A destructive cycle
The UK Guardian recently ran this nakedly dismal piece penned by a father reflecting upon the events leading up to the dissolution of his family over four years ago. He and his wife learned their third child, Emily, had Down syndrome. On the heels of Christmas Eve, baby Emily was terminated and given a small, and awkward funeral. The occasion of his mother’s surgery at the same hospital, not far from Emily’s tiny grave, brings him full circle, examining the choices he has made:
I spent a lot of time wondering where it had gone so horribly wrong. Was the decision to terminate the pregnancy to blame? Not in itself, though I worried that my insistence on its being Fiona’s decision was something of a cop-out. Perhaps I should have offered myself as more of a sounding-board or even a punch-bag. Fiona never reproached me with a lack of support, or even hinted at it. But that dreadful period undoubtedly opened up a crack between us, a crack that later deepened into a rift that could not be healed.
Of course, not all marriages will end after a termination. But the idea that life will go on as normal, that the aftershock of such a destructive act will not affect relationships in the present, even into the future, is niavety. One very brave mother shared with us how the aftermath of having aborted her son because of Down syndrome and some accompanying birth defects, set her into a course of depression and despair that nearly ended her own life. Although studies show that women who do not receive adequate counseling prior to an abortion (for any reason, let alone prenatal diagnosis) are likely to fare poorly, the only counseling many parents receive surrounding a prenatal diagnosis involves the percieved negatives involved with raising a child with complex medical and/or developmental issues – which, naturally, contributes to the decision to abort. It is a destructive cycle that too many enter into – but it doesn’t have to be that way.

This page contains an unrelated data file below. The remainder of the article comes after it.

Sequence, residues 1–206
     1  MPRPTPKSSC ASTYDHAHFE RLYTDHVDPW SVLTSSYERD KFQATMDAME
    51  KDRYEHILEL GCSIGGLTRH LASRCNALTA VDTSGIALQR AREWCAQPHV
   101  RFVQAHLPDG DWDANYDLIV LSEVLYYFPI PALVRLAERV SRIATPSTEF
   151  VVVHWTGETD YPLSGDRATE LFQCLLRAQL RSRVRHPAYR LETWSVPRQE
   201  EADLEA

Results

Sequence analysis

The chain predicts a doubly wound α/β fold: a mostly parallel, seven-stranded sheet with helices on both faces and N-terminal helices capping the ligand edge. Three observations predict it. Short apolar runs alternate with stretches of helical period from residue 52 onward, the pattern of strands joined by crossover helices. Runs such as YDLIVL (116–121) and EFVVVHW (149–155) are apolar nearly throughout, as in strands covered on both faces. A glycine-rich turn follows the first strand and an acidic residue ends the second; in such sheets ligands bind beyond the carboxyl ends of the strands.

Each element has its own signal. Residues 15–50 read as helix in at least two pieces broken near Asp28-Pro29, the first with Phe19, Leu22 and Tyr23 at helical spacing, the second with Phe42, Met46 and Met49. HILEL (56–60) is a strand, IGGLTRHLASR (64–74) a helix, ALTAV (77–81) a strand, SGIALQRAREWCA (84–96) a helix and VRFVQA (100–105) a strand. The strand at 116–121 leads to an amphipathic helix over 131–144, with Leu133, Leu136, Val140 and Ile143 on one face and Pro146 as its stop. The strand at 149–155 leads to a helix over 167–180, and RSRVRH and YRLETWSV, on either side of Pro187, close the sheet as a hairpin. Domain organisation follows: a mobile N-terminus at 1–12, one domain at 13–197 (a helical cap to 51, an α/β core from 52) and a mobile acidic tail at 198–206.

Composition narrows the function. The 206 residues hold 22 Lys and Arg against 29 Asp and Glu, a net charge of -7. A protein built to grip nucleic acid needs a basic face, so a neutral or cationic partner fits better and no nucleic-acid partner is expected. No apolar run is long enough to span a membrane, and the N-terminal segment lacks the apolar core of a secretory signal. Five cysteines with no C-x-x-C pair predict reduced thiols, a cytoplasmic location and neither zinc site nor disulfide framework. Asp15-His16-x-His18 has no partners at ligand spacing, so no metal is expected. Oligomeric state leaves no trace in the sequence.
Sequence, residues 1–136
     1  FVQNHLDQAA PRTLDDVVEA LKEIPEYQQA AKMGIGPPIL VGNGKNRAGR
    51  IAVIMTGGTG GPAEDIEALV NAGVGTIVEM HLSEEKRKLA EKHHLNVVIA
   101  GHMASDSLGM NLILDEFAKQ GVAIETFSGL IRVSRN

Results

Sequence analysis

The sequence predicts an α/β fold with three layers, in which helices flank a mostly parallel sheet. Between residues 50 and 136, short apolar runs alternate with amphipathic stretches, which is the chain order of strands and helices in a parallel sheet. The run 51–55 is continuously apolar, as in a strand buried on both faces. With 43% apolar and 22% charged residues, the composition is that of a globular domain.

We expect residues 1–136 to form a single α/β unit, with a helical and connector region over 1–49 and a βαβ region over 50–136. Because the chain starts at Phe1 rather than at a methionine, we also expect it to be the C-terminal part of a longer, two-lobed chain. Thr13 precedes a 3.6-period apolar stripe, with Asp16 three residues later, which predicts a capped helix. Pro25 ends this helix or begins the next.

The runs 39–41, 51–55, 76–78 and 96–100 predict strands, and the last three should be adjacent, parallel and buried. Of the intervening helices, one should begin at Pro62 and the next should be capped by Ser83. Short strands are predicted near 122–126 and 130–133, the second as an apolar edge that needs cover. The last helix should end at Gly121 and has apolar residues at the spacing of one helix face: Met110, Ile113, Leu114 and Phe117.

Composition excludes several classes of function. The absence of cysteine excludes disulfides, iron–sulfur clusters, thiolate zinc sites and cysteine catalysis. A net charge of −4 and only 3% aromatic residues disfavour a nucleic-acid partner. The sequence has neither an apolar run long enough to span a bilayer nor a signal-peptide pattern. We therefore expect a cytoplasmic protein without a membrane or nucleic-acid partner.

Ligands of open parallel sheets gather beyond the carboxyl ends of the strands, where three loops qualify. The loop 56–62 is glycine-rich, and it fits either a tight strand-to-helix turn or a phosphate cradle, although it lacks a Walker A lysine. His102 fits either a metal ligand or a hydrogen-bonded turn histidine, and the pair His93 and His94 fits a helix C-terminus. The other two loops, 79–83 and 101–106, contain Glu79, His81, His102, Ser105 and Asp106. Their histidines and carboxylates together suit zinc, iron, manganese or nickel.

See also: Charlie’s Ghost